Governor Edmund Brown of California recently vetoed a bill (AB 465) passed by the California legislature that would have prohibited the arbitration of claims arising under the state Labor Code in employment agreements. In vetoing the bill, Governor Brown referred to the fact that most studies show that arbitration is faster and less expensive than litigation and that evidence about the outcomes of employee arbitration vs. litigation is unclear. He also noted that California already has many procedural protections for employees in arbitration and that a blanket ban on mandatory arbitration agreements is likely to be in violation of the Federal Arbitration Act and would merely lead to expensive litigation and uncertainty. For more information see Edward Lozowick’s January 15, 2016, Practice Points.
Earlier in October 2015 the Consumer Financial Protection Bureau (CFPB) proposed a rule that will ban arbitration clauses that block group lawsuits so that consumers can take companies to court to seek relief from “free pass” arbitration clauses. For more information on the CFPB proposed changes please visit their webpage.
The American Arbitration Association has revised the AAA’s Construction Arbitration Rules and Mediation Procedures effective July 1, 2015. Among the significant changes is the addition of a mediation step. Subject to the ability of any party to opt out of the mediation process, all cases with claims that exceed $100,000 are expected to proceed to mediation at some point during the arbitration. The updated rules include amendments that directly address preferences of users for a more streamlined, cost-effective, and tightly managed arbitration process that avoids the high costs of litigation.
The ADR Committee developed an ambitious plan for speaker presentations, Roundtable discussions, and published materials for the coming year, including practice tips to be published regularly in the ADR newsletter and on the ADR webpage. We also were approached by several other committees interested in partnering with us in making presentations. We would greatly appreciate your participation and assistance in volunteering ideas and helping us prepare upcoming programs.
The ADR newsletter and webpage each continue to receive excellent quarterly evaluations from the ABA. We would really like your help to keep our track record going strong. Please volunteer to write an article or news and development piece—or skip a step and just write something and send it to us. It is a great way to market yourself and to build your ADR practice. If you need ideas for articles, please contact one of the web editors. They will be pleased to send you a list of potential topics.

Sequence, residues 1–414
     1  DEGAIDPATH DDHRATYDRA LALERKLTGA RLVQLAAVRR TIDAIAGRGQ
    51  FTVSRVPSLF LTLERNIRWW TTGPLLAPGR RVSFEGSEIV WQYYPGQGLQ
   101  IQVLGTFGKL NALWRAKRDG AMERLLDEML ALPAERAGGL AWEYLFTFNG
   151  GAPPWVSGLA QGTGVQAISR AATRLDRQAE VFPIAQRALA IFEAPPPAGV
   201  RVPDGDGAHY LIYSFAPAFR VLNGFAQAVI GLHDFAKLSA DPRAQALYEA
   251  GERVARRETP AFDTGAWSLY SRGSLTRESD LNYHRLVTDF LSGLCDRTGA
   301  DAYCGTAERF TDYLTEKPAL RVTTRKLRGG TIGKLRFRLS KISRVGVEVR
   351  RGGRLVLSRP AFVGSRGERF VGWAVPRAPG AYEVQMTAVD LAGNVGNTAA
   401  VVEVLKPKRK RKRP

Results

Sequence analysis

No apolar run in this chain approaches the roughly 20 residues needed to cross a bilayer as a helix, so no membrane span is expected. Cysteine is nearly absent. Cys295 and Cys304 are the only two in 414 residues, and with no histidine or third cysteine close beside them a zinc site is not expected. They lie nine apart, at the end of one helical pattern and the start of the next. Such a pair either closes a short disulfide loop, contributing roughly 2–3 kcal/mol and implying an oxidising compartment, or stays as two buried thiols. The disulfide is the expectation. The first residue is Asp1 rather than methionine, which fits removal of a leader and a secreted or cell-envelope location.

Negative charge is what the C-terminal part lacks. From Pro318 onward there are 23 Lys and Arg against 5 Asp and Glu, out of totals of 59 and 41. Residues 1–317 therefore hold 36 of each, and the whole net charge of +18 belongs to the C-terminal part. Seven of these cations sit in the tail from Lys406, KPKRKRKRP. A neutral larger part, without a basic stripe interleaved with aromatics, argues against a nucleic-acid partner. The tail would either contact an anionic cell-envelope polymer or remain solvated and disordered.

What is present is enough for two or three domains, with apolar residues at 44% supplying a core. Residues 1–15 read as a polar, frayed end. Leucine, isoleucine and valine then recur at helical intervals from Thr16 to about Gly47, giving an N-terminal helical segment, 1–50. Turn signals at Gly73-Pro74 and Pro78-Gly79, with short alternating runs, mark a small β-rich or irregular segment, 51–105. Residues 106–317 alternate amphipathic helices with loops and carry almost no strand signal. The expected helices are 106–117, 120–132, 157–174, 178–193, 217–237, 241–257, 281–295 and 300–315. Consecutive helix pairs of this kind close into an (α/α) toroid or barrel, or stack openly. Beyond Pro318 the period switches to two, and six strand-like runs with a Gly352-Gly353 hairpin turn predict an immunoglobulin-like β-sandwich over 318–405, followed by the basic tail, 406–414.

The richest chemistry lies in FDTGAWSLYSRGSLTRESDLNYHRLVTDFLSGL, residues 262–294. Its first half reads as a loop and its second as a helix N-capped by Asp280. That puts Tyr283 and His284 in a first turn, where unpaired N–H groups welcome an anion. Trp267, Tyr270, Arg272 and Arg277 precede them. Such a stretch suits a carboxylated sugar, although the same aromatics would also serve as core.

You can contribute articles and case notes for our website and/or the next issue of our newsletter. Writing an article or case note is not time consuming, raises awareness of ADR issues and relevant cases for your colleagues, and helps market your practice to other practitioners.
Welcome you to Alternative Dispute Resolution Committee’s webpage!
We encourage you to join and be involved in the ADR Committee. We have an ambitious plan for the year ahead and hope that you will be a part of it.
The best way to become more involved and visible within the committee is to join one of our many subcommittees. Just email the Committee’s cochairs (Tiffani Lee, Louis Burke, Harout Samra) to let us know which subcommittees you are interested in joining. The specific subcommittees are:
- Sound Advice: This committee arranges for podcasts of 5 to 10 minutes on topics of interest
- Roundtable: This committee organizes webinars that feature guest speakers on topics of interest.
- Settlement Counsel
In addition, we consider articles and “news and development” pieces for our quarterly newsletter and website on a rolling basis throughout the year. Please let us know if you are interested in publishing with us.
These are just a few highlights. There is a lot going on in our committee, and we want to encourage you to become an active member. Please reach out to us if you would like to increase your level of involvement or have any great ideas about member benefits we could offer.
We look forward to meeting you!
Louis F. Burke, Tiffani G. Lee, and Harout Jack Samra
Cochairs, Alternative Dispute Resolution Committee
Our active subcommittees include:
- Book Task Force
- Settlement Counsel
Find contact information for committee and subcommittee chairs: